At 107 years old, Damiana B. Juan - who could be Maui's oldest living person - said her secret to living a long life is believing in God.
And her youngest daughter, Teresita Martin, agrees.
Damiana B. Juan blows out the candles on her birthday cake marking 107 years Friday at Maui Adult Day Care Center in Kahului. Juan’s actual birthday was Saturday. Looking on (from left) are daughter Teresita “Tessie” Martin, the center’s program supervisor, former center program director Mercedes Neri and volunteer Kyra McMillan.
The Maui News / MATTHEW THAYER photo
DAMIANA B. JUAN, at 107, believed to be oldest on the Valley Isle
"She's close to him," Martin said of her mother's belief in the Catholic faith and God.
Martin, who translated a reporter's questions into Ilocano for her mother, recalls that her mother back in the Philippines would go house to house in her neighborhood to pray. Her mother was able to memorize hours of Catholic prayers.
Apparently Juan's strong faith may indeed be a key to her longevity, as the former midwife celebrated her 107th birthday on Saturday with friends and family.
On Friday, staff and friends at the Maui Adult Day Care Center in Kahului, celebrated Juan's birthday complete with cake and lei.
"I'm just happy she's alive, and she's doing OK," Martin said in an interview at the day care center.
Martin said that when her mother turned 101, she didn't believe it, so she checked her mother's passport to be sure. And her age was correct.
Several Maui officials who care for the elderly seem to think that Juan could be one of the oldest living people on the Valley Isle.
"As far as I know, she is the oldest . . . I would guess she is (the oldest)," said Sandy Freeman, executive director of the Maui Adult Day Care Centers.
But she cautioned, "we really don't know who's out there."
Elinor Takahashi, information outreach supervisor for the county's Office on Aging said: "We don't have anyone close to that age."
Takahashi said the office has a database of 10,034 seniors in Maui County. It is made up of those who have called in for information and requested services. It could include duplicate names or errors, she said.
Officials from Kula Hospital and Kaunoa Senior Services also say they do not have any patients or clients older than Juan.
Juan was born Sept. 22, 1905, in the small city of Laoag in the Philippines.
Her husband, Agustin Juan, a farmer, died in 1947, leaving her to take care of four children.
Martin said her mother used to earn money by washing people's clothing because there weren't any washing machines back then.
Martin said she recalls that her mother had a sixth sense when it came to babies.
"She knew when the baby is in distress. I think she's gifted with that," she said.
In 1975, Juan who was 70 at the time, moved to Maui to be with her children, who had moved here earlier.
"She came to baby-sit," Martin said.
Juan never quite learned English and still speaks Ilocano. She does have a hard time hearing, but can still walk, Martin said.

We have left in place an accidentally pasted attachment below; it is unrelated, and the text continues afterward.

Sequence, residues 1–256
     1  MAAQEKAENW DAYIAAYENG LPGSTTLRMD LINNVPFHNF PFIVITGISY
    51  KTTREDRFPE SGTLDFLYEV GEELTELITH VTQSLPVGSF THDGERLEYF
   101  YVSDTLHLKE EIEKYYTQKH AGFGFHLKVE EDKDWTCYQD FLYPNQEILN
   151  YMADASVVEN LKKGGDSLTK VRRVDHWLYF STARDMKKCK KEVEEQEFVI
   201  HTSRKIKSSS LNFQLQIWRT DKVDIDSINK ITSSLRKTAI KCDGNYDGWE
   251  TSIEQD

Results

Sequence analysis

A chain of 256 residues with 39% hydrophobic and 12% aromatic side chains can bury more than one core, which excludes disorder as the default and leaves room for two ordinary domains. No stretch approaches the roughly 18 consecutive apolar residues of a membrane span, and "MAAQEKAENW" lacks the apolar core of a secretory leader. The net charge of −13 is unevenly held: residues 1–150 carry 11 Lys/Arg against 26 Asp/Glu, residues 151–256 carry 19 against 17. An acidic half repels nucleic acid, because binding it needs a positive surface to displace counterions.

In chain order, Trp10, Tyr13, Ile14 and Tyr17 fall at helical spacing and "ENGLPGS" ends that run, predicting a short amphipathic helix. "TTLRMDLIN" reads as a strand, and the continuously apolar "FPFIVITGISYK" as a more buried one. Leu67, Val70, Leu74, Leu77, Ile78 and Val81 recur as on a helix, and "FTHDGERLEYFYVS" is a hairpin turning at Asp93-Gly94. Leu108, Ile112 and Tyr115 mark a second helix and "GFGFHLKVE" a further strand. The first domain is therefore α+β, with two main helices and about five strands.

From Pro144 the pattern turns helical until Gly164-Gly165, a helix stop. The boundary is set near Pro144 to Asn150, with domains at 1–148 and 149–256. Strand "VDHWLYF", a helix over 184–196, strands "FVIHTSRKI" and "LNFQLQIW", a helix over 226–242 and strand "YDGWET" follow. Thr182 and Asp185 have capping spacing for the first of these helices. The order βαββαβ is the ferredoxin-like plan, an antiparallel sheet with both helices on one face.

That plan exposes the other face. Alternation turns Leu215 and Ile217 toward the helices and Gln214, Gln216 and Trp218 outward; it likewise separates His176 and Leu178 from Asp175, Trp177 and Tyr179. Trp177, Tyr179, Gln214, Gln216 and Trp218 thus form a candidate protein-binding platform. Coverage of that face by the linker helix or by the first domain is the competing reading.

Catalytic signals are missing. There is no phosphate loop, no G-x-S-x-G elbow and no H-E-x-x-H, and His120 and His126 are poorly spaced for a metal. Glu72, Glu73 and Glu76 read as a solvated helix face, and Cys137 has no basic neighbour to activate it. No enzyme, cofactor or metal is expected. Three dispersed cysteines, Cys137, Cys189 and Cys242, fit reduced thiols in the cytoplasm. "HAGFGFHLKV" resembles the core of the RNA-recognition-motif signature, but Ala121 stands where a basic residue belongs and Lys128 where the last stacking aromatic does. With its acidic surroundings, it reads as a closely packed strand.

Juan doesn't take any medication and has no signs of Alzheimer's or dementia, Martin said, adding that her mother is coherent when she speaks to her.
When asked what she is most proud of in her life, Juan said through Martin that she didn't know.
Martin said she thinks her mother is happy to be in Hawaii with her children and that she doesn't have to work hard anymore.
Juan has three other children on Maui. They are her two other daughters, Adela Villanueva and Angelina Lapid, both of Kahului, and a son, Mamerto Juan of Kihei.
Damiana Juan has 20 grandchildren, 35-great-grandchildren and a great-great-grandchild.
Martin said that she remembers her mother telling her that when she was young, people used to say that one day "people will be traveling by air."
She added that when her mother was young no one would have watches and instead would use the sun to tell time.
Although the world has changed around her, a thing that has stayed constant for Juan is her long hair.
On Thursday, her long silver hair was up in a bun.
"She don't like to cut her hair," Martin said.
Martin said her late husband used to tease her mother and say, "Why you want to marry again?"
A unique trait Juan has, is the ability to heal and solve problems, her family said.
Juan used to heal people's skin rashes by using products from a special type of lemon, said Juan's granddaughter, Rosemarie Fitzsimmons, a lead program specialist at the adult care center where Juan spends her days.
Juan used to babysit Fitzsimmons in the Philippines.
Fitzsimmons recalled that her grandmother could help people find missing things.
She and Martin said Juan had a special ring she used to place in a glass of water.
Juan would ask yes or no questions to the ring. If the answer to the question was yes, the ring would move. If the answer was no, the ring would not move.
Martin said people used to come over to the Juan home so her mother could help them find their lost caribou and other personal items.
Martin is very happy to care for her mother, she said. Her husband died recently so her mother is her constant companion.
"I'm just happy to check (up on her) in the morning," Martin said.
* Managing Editor Lee Imada contributed to this report. Melissa Tanji can be reached at firstname.lastname@example.org.